This is Episode 4 of the Uncommon Veterinarian Podcast, originally published on Elliott Garber’s Uncommon Veterinarian website and printed here with permission. In this episode, I interview Dr. Romina Hennig, a 2009 veterinary graduate from the University of Florida. She currently works full-time in Washington, D.C., as an Enforcement, Investigations and Analysis Officer with the U.S. Department of Agriculture’s (USDA) Food Safety and Inspection Service (FSIS). If you’re anything like I used to be, you’re probably thinking something like, “Ugh, I could never work as a vet for FSIS. All those hours working with dead animals on the slaughter lines sounds horrible.” It’s true that FSIS veterinarians play a key role in ensuring the safety of our country’s meat supply, but this role is primarily in the supervising of actual food inspectors who do the majority of the more tedious labor. Veterinarians are employed to work as veterinarians – animal and public health experts – not food inspectors. Hennig also serves as a Veterinary Corps officer in the U.S. Army Reserves, training with a unit that drills out of Joint Base McGuire-Dix-Lakehurst, NJ. I was especially interested to learn more about this work in the Reserves, as I’m seriously considering a transition into that area of military service when my commitment to active duty is up next summer. We discussed Hennig’s path into her current uncommon work as a veterinarian, and this quotation really resonated with me: “As an undergrad, I thought I was going to go to medical school but ended up making the decision to go to veterinary school because I wanted to do something that would help both animals and humans. I didn’t realize at the time that this is basically the description of a public health veterinarian!” The Video Interview Audio: Links We Mentioned Food Safety & Inspection Service: FSIS employs more than 1,100 veterinarians, making it the largest employer in our profession. This collection of short biographies of current FSIS employees provides a nice introduction into the different types of jobs veterinarians can have with the organization. You can also learn more about applying for a job with FSIS here or check out my blog post featuring five helpful resources for those who are interested in federal veterinary jobs. Learn about opportunities to set up a paid internship/externship with FSIS veterinarians here. U.S. Army Reserve Veterinary Corps: You can find a great overview of current opportunities and assignments as a veterinarian in the Army Reserve here. The Army’s general site on the Veterinary Corps also has a lot of great information, but you can also learn about my personal experiences as a vet in the Army here. What You Will Learn in This Episode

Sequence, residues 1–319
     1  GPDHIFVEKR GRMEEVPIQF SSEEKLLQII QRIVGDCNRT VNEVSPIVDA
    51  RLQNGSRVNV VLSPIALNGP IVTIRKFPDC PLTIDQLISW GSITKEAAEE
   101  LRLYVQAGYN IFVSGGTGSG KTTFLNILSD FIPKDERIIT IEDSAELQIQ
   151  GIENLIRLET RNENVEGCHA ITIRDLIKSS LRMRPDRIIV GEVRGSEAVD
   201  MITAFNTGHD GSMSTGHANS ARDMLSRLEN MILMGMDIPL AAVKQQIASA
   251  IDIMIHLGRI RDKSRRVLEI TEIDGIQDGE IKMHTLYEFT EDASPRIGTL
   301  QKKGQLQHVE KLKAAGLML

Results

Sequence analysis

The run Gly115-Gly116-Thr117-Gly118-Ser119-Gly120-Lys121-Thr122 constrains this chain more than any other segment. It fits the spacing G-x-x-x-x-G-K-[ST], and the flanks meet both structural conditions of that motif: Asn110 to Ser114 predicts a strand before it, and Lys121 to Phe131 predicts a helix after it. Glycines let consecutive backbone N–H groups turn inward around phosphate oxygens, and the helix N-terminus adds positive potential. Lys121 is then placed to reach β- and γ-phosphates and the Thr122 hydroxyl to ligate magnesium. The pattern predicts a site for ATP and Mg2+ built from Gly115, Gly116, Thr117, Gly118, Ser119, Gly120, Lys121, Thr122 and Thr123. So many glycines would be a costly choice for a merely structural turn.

• What FSIS veterinarians actually do in their daily jobs.
  • Why a job with FSIS can be a good foot in the door for other types of federal employment as a veterinarian.
  • What the salary and other benefits are for a new grad FSIS veterinarian and vet in the Army Reserve.
  • Why the personal contacts Hennig made during her summer internships and elective rotations were so important for the success of her job hunt.
  • How you can set up a similar training experience to learn more about career options in food safety and public health.
  • Why Hennig likes having the opportunity to “step into another life” during her Army Reserve training.